"It's like a very straight, very commercial Sigur Ross. Ooh now I know you're all going to turn away in droves, but still, there's no denying this LP's charms."
Alias & Tarsier – Brookland and Oakley (Southern Records/Konkurrent)
A lovely piano run starts this LP off, soon accompanied by a beautiful woman's voice and a set of atmospheric sequenced synths. It's not the thing I normally listen to, but on first hearing this track, Cub, I was hooked. It's sugary but luckily has enough wistfulness to ensure it never waddles around in a comfort zone of its own making. It's like a very straight, very commercial Sigur Ross. Ooh now I know you're all going to turn away in droves, but still, there's no denying this LP's charms. Rising Sun is a lot harder in its sonic arrangements, huge, over-attentive drum patterns beat off any complacency and ease that the first track might have engendered. Last Nail is just beautiful, even with the incredibly startling rap Alias contributes half way through the song. The ambient nature of this album is best seen on Dr C. which sounds off as a simple strummed ballad offset by vocals that don't half sound like Bjork. Suddenly the whole thing blossoms out into a lovely pastoral pop song, cunningly offset by MC Alias's break beats.
Anon signals a change of mood, a darker stage is set, drums are overt and menacing and the vocals sound pretty serious and sanctimonious. 5 Year Eve is initially stripped down in sound - Tarsier's vocal is accompanied by a cello or two and a collection of nervous beats. Half way through a guitar starts a racket and the whole thing takes off and spirals into a swirl of epic proportions. Following that, Plane That Draws a White Line seems understated and very commercial, still it just about walks the line between self-centred pap and interestingly morose navel gazing. Luck and Fear is far more interesting in that it doesn't appear to belong to this LP at first. Rapper dose appear to deliver the fastest vocals in th history of recorded sound. The track has more in common with Endtroducing DJ Shadow than the rest of the LP. In fact the rap is extraordinary in its lyric content. Get a load of this.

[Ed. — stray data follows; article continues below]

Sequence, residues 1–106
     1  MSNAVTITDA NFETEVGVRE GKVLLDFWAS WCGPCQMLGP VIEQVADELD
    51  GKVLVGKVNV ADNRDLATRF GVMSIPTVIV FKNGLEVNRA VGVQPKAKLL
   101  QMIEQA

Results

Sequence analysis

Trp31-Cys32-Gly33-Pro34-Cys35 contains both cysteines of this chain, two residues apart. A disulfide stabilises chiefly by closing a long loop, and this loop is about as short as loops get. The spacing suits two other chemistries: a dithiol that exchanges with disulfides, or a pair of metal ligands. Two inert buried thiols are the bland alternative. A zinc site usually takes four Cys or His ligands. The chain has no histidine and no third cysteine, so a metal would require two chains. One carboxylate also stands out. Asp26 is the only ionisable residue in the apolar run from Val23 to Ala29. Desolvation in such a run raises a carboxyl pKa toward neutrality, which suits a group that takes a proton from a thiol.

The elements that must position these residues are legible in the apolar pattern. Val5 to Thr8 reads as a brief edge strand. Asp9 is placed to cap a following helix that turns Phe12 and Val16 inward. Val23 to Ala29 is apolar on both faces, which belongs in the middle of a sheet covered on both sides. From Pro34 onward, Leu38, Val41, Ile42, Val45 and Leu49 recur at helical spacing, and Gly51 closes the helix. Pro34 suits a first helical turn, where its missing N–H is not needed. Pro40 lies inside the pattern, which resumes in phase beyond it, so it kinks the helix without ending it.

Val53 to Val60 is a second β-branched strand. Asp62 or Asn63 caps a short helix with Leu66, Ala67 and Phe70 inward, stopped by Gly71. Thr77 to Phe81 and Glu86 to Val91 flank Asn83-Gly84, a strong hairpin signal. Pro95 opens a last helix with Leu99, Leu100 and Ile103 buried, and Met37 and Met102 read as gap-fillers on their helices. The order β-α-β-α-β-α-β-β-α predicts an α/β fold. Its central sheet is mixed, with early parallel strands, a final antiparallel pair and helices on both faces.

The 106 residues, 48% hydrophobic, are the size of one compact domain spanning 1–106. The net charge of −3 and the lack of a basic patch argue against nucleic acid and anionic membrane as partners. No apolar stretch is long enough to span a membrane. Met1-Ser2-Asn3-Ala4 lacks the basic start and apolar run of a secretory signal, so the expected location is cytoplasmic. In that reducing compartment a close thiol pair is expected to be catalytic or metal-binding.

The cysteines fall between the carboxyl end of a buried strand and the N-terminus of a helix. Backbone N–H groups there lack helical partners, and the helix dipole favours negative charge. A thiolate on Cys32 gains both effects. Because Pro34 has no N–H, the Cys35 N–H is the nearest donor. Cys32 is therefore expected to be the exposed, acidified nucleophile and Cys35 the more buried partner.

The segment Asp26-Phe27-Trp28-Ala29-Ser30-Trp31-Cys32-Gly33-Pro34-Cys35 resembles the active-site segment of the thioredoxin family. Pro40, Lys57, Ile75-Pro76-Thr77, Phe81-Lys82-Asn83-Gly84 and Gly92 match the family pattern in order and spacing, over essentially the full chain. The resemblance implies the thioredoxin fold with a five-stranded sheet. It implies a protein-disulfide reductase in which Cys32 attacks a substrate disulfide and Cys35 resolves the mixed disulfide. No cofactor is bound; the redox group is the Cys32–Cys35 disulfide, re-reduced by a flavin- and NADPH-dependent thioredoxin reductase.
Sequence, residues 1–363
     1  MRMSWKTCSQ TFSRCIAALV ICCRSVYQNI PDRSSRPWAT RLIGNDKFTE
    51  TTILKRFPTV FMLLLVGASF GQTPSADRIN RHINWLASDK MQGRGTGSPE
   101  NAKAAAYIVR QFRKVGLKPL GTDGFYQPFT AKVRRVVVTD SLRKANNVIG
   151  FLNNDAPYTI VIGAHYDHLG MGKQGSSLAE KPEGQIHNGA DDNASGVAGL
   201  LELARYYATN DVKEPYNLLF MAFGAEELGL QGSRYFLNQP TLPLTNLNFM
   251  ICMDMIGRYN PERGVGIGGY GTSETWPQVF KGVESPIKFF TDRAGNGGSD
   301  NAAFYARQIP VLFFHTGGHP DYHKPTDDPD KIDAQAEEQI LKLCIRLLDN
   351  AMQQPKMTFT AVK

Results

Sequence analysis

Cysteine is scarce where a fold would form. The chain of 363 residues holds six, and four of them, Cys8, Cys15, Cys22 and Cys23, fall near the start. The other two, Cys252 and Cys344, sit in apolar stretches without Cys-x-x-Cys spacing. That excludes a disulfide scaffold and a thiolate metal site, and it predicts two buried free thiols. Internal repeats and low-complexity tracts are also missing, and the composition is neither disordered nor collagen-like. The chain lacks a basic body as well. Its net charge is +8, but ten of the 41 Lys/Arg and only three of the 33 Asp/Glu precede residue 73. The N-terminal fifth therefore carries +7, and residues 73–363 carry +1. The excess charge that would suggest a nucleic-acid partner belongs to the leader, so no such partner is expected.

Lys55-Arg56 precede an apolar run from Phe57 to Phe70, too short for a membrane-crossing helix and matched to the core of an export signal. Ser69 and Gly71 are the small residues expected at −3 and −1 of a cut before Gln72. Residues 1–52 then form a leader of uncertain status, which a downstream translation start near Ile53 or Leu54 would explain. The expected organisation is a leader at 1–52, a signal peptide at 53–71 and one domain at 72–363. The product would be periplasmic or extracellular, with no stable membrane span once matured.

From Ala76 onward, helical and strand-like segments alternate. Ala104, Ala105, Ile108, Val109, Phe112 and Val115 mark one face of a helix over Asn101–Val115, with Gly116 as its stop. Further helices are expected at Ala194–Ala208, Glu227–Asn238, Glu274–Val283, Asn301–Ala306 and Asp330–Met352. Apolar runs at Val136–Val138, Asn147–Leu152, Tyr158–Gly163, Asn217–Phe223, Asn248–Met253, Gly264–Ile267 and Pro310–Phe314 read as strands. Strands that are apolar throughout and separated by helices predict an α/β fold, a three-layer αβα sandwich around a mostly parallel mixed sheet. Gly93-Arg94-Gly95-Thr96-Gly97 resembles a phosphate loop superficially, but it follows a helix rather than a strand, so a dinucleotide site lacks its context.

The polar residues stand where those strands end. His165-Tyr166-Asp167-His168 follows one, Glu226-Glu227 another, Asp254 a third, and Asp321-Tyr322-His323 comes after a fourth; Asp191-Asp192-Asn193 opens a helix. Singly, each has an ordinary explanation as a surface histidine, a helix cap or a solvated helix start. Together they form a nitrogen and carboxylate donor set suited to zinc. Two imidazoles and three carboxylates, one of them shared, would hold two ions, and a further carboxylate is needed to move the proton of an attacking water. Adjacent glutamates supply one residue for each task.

Yet the relative upper hand of "in tow" is constant
In the needle and sickle of struck luck and odds set
On its human objects, and their slit in the process
Of the dying concept, in all glacial time
And it's mind like prospects, all numberlined.
So disposed to clock threat, and male pattern blind
Ness to the leather and tendon raw ever
Drawn now and the tender of the "once you" collector.
With its hold on yourself and your dark forked mind.
Now and again Tarsier returns to sing a verse to assure us that we are indeed listening to the LP that began with Cub. Picking the Same Lock is a soft refrain after the bombardment that has just past. Just a guitar, voice and some shimmering effects are present at the beginning. Even when the beat arrives it can't really dislodge the feeling of serenity that this track brings.
Last up is Ligaya which returns to the Bjork-like atmospherics first heard on Cub. Its dreamy and lovely and a track that should have you lounging on the sofa. Good LP all round methinks.
Words: Richard Foster.